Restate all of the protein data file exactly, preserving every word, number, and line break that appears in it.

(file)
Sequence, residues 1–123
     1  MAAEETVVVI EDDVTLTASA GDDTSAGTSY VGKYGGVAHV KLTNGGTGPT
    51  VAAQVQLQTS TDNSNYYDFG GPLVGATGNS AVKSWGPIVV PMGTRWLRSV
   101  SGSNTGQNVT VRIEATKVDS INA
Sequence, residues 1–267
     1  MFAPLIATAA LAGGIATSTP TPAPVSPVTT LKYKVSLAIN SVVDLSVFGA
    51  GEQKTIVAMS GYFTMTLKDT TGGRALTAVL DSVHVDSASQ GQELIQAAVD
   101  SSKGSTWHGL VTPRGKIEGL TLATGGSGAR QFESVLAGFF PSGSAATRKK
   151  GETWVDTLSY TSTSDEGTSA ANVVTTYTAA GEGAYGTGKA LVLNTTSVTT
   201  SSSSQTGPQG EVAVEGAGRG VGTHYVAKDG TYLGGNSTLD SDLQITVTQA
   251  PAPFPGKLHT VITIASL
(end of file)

Sequence, residues 1–123
     1  MAAEETVVVI EDDVTLTASA GDDTSAGTSY VGKYGGVAHV KLTNGGTGPT
    51  VAAQVQLQTS TDNSNYYDFG GPLVGATGNS AVKSWGPIVV PMGTRWLRSV
   101  SGSNTGQNVT VRIEATKVDS INA
Sequence, residues 1–267
     1  MFAPLIATAA LAGGIATSTP TPAPVSPVTT LKYKVSLAIN SVVDLSVFGA
    51  GEQKTIVAMS GYFTMTLKDT TGGRALTAVL DSVHVDSASQ GQELIQAAVD
   101  SSKGSTWHGL VTPRGKIEGL TLATGGSGAR QFESVLAGFF PSGSAATRKK
   151  GETWVDTLSY TSTSDEGTSA ANVVTTYTAA GEGAYGTGKA LVLNTTSVTT
   201  SSSSQTGPQG EVAVEGAGRG VGTHYVAKDG TYLGGNSTLD SDLQITVTQA
   251  PAPFPGKLHT VITIASL